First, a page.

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|Title: ||Optimal choice of machine tool for a machining job in a CAE environment|
|Authors: ||Kumar, Eshwar|
|Advisors: ||Sivaloganathan, S|
|Keywords: ||Choice of machine tool|
Classification of machine tools
Machine tolls in CAE
|Publication Date: ||2010|
|Publisher: ||Brunel University School of Engineering and Design PhD Theses|
|Abstract: ||Developments in cutting tools, coolants, drives, controls, tool changers, pallet changers and the philosophy of machine tool design have made ground breaking changes in machine tools and machining processes. Modern Machining Centres have been developed to perform several operations on several faces of a workpiece in a single setup. On the other hand industry requires high value added components, which have many quality critical features to be manufactured in an outsourcing environment as opposed to the traditional in-house manufacture. The success of this manufacture critically depends on matching the advanced features of the machine tools to the complexity of the component. This project has developed a methodology to represent the features of a machine tool in the form of an alphanumeric string and the features of the component in another string. The strings are then matched to choose the most suitable and economical Machine Tool for the component’s manufacture.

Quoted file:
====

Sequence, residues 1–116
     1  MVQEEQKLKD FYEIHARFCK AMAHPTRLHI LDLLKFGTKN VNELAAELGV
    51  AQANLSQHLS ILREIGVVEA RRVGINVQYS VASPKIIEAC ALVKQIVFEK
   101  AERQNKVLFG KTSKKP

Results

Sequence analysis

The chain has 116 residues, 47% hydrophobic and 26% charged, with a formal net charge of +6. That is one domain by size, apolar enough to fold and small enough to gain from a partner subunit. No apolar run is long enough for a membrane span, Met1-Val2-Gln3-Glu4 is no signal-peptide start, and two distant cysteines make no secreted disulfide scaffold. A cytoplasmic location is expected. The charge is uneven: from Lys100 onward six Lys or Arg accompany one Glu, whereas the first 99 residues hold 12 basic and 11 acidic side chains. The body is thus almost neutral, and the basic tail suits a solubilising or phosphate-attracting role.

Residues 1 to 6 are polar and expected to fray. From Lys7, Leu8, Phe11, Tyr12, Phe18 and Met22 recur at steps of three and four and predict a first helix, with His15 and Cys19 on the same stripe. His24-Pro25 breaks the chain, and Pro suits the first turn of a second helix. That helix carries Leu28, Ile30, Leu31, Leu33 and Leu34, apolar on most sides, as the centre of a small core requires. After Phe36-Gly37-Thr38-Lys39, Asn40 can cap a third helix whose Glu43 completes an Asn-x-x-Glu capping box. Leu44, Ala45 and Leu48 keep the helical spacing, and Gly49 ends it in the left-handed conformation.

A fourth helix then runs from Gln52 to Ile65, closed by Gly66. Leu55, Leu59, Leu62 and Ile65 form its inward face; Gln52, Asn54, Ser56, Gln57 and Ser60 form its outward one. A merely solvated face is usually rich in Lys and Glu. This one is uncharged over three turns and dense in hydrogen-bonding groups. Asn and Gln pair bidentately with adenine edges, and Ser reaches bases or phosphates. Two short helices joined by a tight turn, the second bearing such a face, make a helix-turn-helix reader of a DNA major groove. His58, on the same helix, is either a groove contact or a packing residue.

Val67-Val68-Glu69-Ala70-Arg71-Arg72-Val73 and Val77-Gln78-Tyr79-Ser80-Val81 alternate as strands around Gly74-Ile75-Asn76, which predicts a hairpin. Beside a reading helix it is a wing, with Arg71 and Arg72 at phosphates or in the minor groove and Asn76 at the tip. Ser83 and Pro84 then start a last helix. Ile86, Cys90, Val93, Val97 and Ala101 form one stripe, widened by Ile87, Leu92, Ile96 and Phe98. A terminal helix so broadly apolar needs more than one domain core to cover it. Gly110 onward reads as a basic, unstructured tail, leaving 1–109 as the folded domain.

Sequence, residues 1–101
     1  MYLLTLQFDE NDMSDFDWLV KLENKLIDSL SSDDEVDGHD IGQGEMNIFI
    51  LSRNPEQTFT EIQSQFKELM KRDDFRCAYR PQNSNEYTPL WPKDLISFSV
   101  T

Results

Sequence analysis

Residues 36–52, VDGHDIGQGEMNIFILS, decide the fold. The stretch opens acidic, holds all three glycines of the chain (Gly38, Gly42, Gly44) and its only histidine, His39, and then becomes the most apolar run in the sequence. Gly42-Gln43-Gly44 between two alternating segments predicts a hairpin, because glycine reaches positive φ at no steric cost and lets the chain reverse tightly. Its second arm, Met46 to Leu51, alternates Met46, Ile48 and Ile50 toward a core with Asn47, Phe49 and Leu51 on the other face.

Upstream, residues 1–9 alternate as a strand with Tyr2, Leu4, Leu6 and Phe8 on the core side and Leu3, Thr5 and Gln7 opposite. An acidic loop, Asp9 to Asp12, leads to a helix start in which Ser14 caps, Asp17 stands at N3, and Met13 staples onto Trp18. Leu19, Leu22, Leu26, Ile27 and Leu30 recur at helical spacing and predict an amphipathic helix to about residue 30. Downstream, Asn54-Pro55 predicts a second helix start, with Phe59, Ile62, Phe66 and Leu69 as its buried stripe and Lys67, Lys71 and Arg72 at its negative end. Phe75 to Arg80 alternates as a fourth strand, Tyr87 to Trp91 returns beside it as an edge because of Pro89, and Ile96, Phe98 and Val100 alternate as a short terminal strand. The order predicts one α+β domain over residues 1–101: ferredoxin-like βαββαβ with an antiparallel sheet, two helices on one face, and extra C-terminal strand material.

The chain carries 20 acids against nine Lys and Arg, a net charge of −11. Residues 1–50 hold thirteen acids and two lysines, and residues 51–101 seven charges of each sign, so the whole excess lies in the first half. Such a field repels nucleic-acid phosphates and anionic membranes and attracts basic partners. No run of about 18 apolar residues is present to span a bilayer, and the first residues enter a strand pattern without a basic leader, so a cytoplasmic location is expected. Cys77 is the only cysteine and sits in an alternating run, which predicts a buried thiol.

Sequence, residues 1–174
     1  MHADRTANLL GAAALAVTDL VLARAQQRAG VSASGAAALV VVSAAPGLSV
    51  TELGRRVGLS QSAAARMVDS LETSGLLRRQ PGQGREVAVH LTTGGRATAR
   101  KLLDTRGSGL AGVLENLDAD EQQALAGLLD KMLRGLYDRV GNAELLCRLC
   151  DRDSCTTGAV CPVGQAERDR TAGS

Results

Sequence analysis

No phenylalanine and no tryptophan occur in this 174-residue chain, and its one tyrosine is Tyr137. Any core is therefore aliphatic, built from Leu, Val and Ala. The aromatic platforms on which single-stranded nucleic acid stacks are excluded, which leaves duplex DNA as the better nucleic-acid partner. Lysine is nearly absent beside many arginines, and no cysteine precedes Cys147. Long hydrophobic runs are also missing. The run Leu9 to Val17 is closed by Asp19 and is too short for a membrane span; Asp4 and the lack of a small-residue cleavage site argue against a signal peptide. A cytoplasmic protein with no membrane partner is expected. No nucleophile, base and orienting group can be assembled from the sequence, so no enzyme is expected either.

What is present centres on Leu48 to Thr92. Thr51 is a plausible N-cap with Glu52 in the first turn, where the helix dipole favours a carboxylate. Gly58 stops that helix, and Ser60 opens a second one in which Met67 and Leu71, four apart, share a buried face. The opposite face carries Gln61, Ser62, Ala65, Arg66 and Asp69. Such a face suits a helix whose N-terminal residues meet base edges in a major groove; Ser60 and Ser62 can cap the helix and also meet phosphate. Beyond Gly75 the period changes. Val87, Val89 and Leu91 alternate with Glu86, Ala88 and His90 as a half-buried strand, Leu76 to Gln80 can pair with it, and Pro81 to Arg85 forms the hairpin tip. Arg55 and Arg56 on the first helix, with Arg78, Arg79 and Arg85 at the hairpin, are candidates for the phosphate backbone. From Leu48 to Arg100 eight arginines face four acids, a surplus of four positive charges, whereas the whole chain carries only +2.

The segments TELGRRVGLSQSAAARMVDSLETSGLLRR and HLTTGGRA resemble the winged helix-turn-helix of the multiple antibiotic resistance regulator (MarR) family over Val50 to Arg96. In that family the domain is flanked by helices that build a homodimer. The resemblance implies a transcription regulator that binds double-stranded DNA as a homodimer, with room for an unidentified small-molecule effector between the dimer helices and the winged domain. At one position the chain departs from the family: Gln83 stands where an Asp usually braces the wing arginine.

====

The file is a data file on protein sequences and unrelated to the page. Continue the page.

Literature identified that block structure is the way to answer the question ‘how to systematically describe the layout of such a machining centre’. Incomplete attempts to describe a block structure as alphanumeric strings were also presented in the literature. Survey on sales literature from several machine tool suppliers was investigated to systematically identify the features need by the user for the choice of a machine tool. Combining these, a new alphanumeric string was developed to represent machine tools. Using these strings as one of the ‘key’s for sorting a database of machine tools was developed. A supporting database of machine tools was also developed.
Survey on machining on the other hand identified, that machining features can be used as a basis for planning the machining of a component. It analysed various features and feature sets proposed and provided and their recognition in CAD models. Though a vast number of features were described only two sets were complete sets. The project was started with one of them, (the other was carrying too many unwanted details for the task of this project) machining features supported by ‘Expert Machinist’ software. But when it became unavailable a ‘Feature set’ along those lines were defined and used in the generation of an alphanumeric string to represent the work. Comparing the two strings led the choice of suitable machines from the database.
The methodology is implemented as a bolt on software incorporated within Pro/Engineer software where one can model any given component using cut features (mimicking machining operation) and produce a list of machine tools having features for the machining of that component. This will enable outsourcing companies to identify those Precision Engineers who have the machine tools with the matching apabilities. Supporting software and databases were developed using Access Database, Visual Basic and C with Pro/TOOLKIT functions. The resulting software suite was tested on several case studies and found to be effective.|
|Description: ||This thesis was submitted for the degree of Doctor of Philosophy and awarded by Brunel University.|
|Appears in Collections:||School of Engineering and Design Theses|
Advanced Manufacturing and Enterprise Engineering (AMEE)
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